No one likes anyone else's spit.
With two exceptions - your beloved, and your kids.
Everyone else's spit grosses you out, but not theirs, most of the time.
After all, one phrase for kissing is "swapping spit". It isn't a good kiss unless some measure of spit is involved.
And we don't mind our kids' spit too much either.
Think about it...
Your kid has a cookie and it's too big for them to eat. You don't think twice about sharing the cookie with them, even when they are toddlers and their eating involves some - well - sogginess. You'll eat a slightly spit-soaked cookie after one of your kids, no questions asked, no dry heaves restrained.
Now, picture your best friend's kid. You love this kid. This kid is a delight. You wouldn't think twice about giving this kid a bear hug, maybe even a kiss on the cheek.
But when this kid, child of your best friend whom you love dearly, hands you a soggy cookie, you're looking for the nearest trash can. Or potted plant.
Sharing spit connotes intimacy.
There's this scene in John 9 in the New Testament.
A guy approaches Jesus. The guy has been blind since birth. In that culture, such a disability carried moral implications. Maybe his parents did something 'wrong' and their punishment is a blind child. Maybe God knew that this guy would be a bad apple so He inflicted blindness on him as a warning to others.
Whatever the cause, blindness in this culture was a one way ticket to isolation, poverty, friendlessness, desperation.
So, this guy cashes in all of his chips and goes to Jesus. He has to get through Jesus' people first, the disciples.
The disciples are religious guys, for the most part, and when they see someone with a problem they are looking to cast blame. That's what religion does. Every time. The good and well-behaved are in and the bad and ragged are out.
Religion looks to fix blame and isolate.
So, the disciples, looking to make a point, say to Jesus in front of a crowd: "Hey, Rabbi, check this guy out. Who sinned - he or his parents - to cause him to be born blind?"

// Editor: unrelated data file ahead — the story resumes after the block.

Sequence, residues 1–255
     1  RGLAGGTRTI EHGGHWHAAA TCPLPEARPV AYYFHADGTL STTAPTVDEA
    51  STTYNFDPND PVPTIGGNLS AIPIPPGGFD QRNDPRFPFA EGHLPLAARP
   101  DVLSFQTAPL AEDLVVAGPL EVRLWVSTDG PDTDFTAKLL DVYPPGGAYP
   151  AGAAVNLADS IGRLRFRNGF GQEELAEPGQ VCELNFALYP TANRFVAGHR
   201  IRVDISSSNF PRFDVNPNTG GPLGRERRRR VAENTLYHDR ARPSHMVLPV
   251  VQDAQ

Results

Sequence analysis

The point was to point out this guy's wrongdoing, make an example of him, and then divert attention elsewhere. Nothing to see here after you've seen what there is to see - the sinner's guilt...move on.
Remember, religion equals public blame-casting and isolation. Gotta blame somebody.
Jesus (I imagine) rolls his eyes and sighs. He says a few words about darkness and light, night and day. He makes the radical and unexpected claim that it's not about wrongdoing or rightdoing, it's about God showing up and doing something that shows how great He is.
Then he does something downright weird.
He spits on the ground. Then he puts his finger in the wet dirt and makes a muddy paste. Then he takes the spit-soaked mud and he rubs it on the guy's eyes. Tells him to wash. Heals him right then and there.
Why the spit?
Scholars debate this question. I've read all the arguments and don't find any really convincing, though some are clever and even plausible. I think it's pretty simple.
Jesus - if he truly was a healer, as the Bible claims - didn't need to spit. He could have just said "See!" and the guy would have seen.
But he chose to use spit.
Earthy, intimate, messy, a little gross.
Like always with Jesus.
Religion is cut and dry - isolate the wrongdoing, pronounce sentence, let the consequences play out, move on. We don't want to think too much about it, especially when it involves someone else. We don't want to get too involved because we see too much of ourselves in the blind guy getting spit rubbed on his eyes.
And who the hell wants someone else rubbing spit on their eyes?
Jesus, I think, was saying this - it's not about what this guy or his folks or his neighbors have done, though well and truly they have all done bad things and good things alike just like the rest of us.
It's about what God is doing. Taking elemental things like spit and mud and creating beauty. Using something dirty and off-putting to show off His offer of forgiveness and grace and a fresh start. Saying that God is here, right now, in the most unrefined and basic of ways that you can touch and smell and see.
The Christian faith is not about pronouncements and laws and plans and spreadsheets and neatness and processes.
It's about God being born in an animal's mucking stall, and bread and wine and mud and blood and messiness and prostitutes and criminals with white collars and blue getting invited to Christmas dinner at the Biltmore House and being put at the head of the table, eyes blinking and mind spinning and stomach rumbling.
When it comes to the blindness of others are you more apt to spit on the ground or at the blind guy?
When it comes to your own blindness have you let mud be rubbed on your eyes today, or are you trying to clean up on your own?